Dr. Daudi Abe Reflects on the Precedent Set by It Takes A Nation and the Album’s Legacy in Hip-Hop

photo courtesy of Across The Bridge
Interview by Owen Murphy
Transcription by Molly Wyman

Public Enemy’s It Takes A Nation Of Millions To Hold Us Back was more than just a musical moment. The album’s exploration of black struggle in America is felt deep in every aspect of the project, from the words of Chuck D and Flava Flav to the samples ranging from James Brown to Malcolm X. 30 years after the record’s release, It Takes A Nation is still brimming with history and context to be explored. Seattle-based professor, writer, historian, and author of 6 ‘N the Morning: West Coast Hip-Hop Music 1987-1992 & the Transformation of Mainstream Culture Dr. Daudi Abe offers insight on this landmark work as KEXP breaks down every track and sample on the LP. Check out some of Dr. Abe’s insights below, as featured on our on-air broadcast.


On Looking Back at It Takes A Nation

“At least for me, feeling like looking back on it, that's where they found themselves that put them on this musical path. It felt to me like the lead up to Nation of Millions is where they really kind of found their groove in terms of who they were, what they were about, what they were trying to say, and what it was going to sound like.”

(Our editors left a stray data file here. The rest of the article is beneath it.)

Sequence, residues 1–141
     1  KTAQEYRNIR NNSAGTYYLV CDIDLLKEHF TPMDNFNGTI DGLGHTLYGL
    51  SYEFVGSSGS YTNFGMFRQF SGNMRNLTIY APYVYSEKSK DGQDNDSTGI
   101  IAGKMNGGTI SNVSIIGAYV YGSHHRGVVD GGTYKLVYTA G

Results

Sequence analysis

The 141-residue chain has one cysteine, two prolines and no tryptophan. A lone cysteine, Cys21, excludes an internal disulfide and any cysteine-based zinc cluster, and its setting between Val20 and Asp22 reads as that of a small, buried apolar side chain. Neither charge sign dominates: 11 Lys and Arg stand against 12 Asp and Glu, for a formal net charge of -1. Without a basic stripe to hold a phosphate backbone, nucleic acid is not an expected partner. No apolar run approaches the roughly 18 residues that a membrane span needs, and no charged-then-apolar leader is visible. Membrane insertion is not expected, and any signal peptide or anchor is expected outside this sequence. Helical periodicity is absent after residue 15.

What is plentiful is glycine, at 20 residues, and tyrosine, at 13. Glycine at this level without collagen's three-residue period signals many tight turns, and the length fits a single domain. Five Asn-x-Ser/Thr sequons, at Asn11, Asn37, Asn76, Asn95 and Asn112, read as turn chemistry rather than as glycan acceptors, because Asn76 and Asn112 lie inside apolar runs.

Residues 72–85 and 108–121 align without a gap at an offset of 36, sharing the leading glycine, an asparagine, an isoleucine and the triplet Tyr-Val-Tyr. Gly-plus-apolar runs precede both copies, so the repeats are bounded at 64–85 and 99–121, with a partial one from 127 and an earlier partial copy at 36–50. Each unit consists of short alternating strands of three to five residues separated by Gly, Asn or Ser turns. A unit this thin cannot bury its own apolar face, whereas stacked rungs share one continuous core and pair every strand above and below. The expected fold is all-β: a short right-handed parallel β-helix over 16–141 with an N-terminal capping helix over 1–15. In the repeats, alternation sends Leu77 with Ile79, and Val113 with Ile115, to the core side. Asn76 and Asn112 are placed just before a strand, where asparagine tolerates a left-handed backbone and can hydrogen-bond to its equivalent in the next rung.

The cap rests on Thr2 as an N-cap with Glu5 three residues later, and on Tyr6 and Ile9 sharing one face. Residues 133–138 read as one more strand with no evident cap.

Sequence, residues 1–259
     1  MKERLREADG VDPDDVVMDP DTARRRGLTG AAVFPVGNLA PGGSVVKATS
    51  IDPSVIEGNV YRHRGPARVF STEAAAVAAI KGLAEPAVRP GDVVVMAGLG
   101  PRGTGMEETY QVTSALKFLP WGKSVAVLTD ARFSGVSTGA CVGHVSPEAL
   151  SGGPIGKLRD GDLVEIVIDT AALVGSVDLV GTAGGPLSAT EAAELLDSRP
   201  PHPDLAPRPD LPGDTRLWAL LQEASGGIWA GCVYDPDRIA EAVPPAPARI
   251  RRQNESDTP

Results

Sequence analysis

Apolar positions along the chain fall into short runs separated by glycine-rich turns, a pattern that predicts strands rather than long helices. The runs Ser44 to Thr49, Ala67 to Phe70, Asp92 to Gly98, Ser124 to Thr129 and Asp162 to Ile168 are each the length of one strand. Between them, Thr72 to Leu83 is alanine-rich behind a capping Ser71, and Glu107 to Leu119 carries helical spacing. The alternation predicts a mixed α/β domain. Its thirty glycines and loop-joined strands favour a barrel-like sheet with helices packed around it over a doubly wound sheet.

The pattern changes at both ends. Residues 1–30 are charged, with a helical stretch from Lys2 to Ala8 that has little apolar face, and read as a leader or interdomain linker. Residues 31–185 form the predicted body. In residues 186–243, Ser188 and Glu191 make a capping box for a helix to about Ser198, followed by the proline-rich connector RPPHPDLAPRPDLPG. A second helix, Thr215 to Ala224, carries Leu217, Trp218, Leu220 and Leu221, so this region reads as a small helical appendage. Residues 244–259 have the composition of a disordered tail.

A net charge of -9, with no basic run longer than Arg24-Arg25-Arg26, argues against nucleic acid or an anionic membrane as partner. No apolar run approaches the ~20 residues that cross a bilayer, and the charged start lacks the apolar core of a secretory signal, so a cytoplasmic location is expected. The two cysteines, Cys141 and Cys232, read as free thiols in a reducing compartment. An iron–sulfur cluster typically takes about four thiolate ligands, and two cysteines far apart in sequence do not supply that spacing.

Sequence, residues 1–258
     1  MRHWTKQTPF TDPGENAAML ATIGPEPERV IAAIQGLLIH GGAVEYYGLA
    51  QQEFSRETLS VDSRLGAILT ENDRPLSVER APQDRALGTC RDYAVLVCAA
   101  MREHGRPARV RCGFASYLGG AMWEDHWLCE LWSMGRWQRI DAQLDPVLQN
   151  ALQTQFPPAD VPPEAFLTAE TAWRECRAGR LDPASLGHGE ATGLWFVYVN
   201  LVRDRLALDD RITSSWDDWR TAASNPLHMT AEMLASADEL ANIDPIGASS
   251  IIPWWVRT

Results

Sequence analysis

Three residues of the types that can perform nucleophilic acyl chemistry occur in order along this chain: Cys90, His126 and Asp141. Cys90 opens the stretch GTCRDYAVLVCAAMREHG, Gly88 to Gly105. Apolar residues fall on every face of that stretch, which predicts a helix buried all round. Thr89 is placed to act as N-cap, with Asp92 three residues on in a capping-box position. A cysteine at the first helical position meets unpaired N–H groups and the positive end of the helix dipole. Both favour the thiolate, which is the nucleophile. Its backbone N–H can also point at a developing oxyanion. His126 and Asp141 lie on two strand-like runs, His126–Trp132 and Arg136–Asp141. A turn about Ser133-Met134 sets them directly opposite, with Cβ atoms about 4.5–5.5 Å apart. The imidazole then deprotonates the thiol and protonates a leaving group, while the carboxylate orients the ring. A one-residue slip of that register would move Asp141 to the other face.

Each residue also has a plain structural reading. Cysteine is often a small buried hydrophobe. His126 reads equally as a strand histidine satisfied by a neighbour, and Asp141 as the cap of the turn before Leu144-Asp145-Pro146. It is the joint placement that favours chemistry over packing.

On “Black Steel In The Hour of Chas”

”In the song he's thrown into jail for refusing to be inducted into the army because it's his position that "here is a land that never gave a damn about a brother like me." And, you know, in some ways it's kind of a fantasy scenario about being unjustly imprisoned. If you remember the song is kind of grimy. I mean, in that song he talks about shooting a female corrections officer as she tried to get away. So it's not like a fairy tale or anything. It's just this, like I said, this kind of fantasy sequence of being jailed, of overpowering the staff, and escaping and making it out. The end of the song on the album, the very last line is talking about how "there's 53 brothers on the run, and we are gone." Then, in the video, he's being led to the gallows, and at the end of the song, the fantasy sequence is that he escapes. In the end of the video he ends up getting hung. And so I always felt like the imagery in that video and in that song was was really powerful, and I know that it caused controversy within the mainstream, but I also think that it offered kind of an alternative scenario for young people who were still wrestling with the whole idea of 'what does it mean to be black in America in the 1980's?' For me, that is really kind of the lesson and the lasting message and not "Black Steel In the Hour of Chaos," but also the entire It Takes a Nation of Millions to Hold Us Back.”